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  9. I have read Odyssey several times and am amazed/stunned/bewildered that it was remaindered. I love the book and found it reflected many of my experiences traveling with you in Crete. I look forward to buying and reading the revised edition and your other forthcoming book

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  10. Dearest Carol, I thought I owned all of your books, but when I went to my bookshelves, Odyssey wasn’t there. So I’m very excited to look forward to 2 publications by you in the next few months. Yay!

    These were the words I needed this morning: “I have learned to give up expecting life to turn out as I want it to, and in the process I found that love is everywhere if only we open our eyes.” Right now I’m beginning the long goodbye to my mother, who is dying a slow death from dementia. It’s a hard process, but last night while walking the labyrinth at a Solstice celebration, I finally cried and realized that I need to do what I CAN do (NOT what I think should happen), and find love and joy in this difficult situation. Thanks for these words of affirmation.

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  11. there are a few used copies of Odyssey on Amazon, but A Serpentine Path is even better, so you can wait. xxx

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  12. I am looking forward to reading it! Congratulations Carol. What I love about your writing is that it is embodied, being both scholarly and personal. xx

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  13. I am so glad to see this book released as it should be, in the fullness of time and ripened wisdom. Congratulations, Carol, and thanks for your courage in sharing your path.

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  14. I had no idea that Odyssey had been removed from print due to such a stupid review by a “feminist” reviewer. As other’s here have said that’s just plain crazy. As if being a feminist shields us from the pain of loss and disappointment around a broken heart. That’s got to be the most ridiculous thing I’ve ever heard. Betrayal hurts – that’s just the way it is!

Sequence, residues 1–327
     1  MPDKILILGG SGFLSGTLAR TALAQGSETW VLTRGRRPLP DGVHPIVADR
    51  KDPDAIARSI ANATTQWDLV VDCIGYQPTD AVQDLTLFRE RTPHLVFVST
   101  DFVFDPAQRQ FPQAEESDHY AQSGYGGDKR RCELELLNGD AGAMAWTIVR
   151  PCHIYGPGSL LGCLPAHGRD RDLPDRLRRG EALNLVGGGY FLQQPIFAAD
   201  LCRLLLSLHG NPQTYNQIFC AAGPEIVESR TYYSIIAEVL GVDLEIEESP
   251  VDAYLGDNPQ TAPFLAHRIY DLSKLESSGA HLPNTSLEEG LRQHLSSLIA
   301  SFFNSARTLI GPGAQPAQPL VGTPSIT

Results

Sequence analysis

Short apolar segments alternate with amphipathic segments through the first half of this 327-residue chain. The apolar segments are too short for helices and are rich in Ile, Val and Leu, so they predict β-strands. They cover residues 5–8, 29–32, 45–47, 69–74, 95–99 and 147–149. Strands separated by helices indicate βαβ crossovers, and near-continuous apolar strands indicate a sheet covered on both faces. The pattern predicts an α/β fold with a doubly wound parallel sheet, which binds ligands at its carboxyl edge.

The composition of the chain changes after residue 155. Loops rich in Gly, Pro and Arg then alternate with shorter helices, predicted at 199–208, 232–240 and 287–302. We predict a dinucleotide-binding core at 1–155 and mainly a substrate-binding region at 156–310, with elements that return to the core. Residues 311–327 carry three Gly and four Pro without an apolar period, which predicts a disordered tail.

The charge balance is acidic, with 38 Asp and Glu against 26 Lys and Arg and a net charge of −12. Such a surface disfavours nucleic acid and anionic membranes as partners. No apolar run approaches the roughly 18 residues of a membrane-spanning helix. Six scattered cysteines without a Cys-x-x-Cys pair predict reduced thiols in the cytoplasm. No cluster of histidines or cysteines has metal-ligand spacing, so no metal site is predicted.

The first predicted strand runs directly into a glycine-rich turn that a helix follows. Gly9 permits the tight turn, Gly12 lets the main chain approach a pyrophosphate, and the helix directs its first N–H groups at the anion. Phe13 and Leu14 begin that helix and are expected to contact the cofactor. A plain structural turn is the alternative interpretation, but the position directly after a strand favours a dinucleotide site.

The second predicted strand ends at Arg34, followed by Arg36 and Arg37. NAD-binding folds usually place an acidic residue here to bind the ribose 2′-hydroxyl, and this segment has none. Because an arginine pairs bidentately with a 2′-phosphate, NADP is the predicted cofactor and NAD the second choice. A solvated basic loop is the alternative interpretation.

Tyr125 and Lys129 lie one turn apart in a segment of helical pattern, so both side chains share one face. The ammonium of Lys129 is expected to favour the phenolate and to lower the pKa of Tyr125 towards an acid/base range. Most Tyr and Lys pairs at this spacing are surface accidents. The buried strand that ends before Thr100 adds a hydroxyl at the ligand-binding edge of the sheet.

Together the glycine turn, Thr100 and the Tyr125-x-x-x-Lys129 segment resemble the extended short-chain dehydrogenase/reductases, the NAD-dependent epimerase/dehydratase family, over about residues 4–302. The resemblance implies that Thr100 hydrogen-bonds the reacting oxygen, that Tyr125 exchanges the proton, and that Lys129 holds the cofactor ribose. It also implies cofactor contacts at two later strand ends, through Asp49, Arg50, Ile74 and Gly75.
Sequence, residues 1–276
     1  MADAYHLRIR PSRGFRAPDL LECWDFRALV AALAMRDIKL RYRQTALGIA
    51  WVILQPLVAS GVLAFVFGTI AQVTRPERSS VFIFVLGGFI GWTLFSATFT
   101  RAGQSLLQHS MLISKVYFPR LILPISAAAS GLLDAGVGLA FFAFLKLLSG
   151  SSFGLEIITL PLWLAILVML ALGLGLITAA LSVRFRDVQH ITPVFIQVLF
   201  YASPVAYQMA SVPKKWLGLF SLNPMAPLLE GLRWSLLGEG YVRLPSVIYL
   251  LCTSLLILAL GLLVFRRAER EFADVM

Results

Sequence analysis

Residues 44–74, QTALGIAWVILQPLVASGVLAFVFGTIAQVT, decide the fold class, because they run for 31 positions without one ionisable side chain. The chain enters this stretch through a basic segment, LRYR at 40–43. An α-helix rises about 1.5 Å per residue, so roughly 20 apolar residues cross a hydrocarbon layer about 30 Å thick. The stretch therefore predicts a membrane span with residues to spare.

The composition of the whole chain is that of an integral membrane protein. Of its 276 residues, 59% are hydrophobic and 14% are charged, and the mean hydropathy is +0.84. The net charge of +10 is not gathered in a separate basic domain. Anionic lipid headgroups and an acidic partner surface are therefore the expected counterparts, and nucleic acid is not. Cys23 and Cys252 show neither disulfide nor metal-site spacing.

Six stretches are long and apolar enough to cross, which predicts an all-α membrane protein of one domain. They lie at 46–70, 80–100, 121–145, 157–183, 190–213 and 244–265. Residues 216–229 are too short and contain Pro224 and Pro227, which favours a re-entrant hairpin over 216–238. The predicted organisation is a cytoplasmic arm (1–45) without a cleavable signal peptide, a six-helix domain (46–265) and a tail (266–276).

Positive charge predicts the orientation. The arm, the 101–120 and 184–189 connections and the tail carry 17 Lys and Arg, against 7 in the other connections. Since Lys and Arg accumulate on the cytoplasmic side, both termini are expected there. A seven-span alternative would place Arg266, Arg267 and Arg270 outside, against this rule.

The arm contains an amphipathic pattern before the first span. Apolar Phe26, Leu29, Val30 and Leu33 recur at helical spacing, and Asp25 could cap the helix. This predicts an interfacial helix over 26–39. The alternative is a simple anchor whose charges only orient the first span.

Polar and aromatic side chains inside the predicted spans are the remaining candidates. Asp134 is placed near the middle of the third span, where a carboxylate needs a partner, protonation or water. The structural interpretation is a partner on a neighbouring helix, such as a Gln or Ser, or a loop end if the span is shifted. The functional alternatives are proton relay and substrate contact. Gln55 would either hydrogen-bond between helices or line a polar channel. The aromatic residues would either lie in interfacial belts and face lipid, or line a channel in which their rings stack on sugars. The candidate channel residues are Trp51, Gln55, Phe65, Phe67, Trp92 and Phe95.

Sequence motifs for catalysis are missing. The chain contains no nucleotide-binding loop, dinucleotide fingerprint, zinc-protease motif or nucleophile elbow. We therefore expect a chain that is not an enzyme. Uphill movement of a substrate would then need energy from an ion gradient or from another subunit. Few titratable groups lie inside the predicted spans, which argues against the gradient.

And I’m so happy that it is being re-published intact. It is so very true that revealing your vulnerability allow others of us to accept our own vulnerability. And of course your statement “I have learned to give up expecting life to turn out as I want it to, and in the process I found that love is everywhere if only we open our eyes.” is the same thing that time and experiences have allowed me to feel.

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  15. I haven’t given up. Life has hit me hard in some ways, but unexpected joy has somehow entered my life in a way I could never begin to imagine. I think the whole thing is what you say, Carol, that basically we need to make the most of what we are given. Negativity never heals anything. I’m looking forward to your new edition.

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  16. Auspicious news for the Winter Solstice, and the re-birth of the light. Wishing you every congratulation. And thank you for sharing your story within the story of your journey – if we don’t include the personal in our spiritual journeys, what do we have? A sterile thesis, neatly removed from human context? The Serpentine Path seems to be alive with all of our most potent stories. Thank you again.

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  17. I was not familiar with this earlier book and having completed my own spiritual/sexual memoir, I look forward to reading it. And of course, the new one too. Thank you for the work you do!
    Beverly Dale

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  18. Thanks to all of you. In the new preface I say that of course I agree with the reviewer that feminism teaches us not to lose our selves in relationships with men, but that there is often a disconnect between what our minds know and our bodies and feelings. The healing journey is about connecting mind, body, and feeling.

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  19. This is so exciting, Carol! I can’t wait for the new edition and to get to read it with new eyes. Yay!

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  20. Love the title! Looking forward to reading it. Happy solstice!

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  21. Thank you Carol for sharing this with us. I too am amazed at that reviewer being disappointed about your sharing your grief over a failed love relationship. Great that you found your voice and that the content of your earlier book stood the test of time. The cover is lovely. I will check out the links you provided thank you …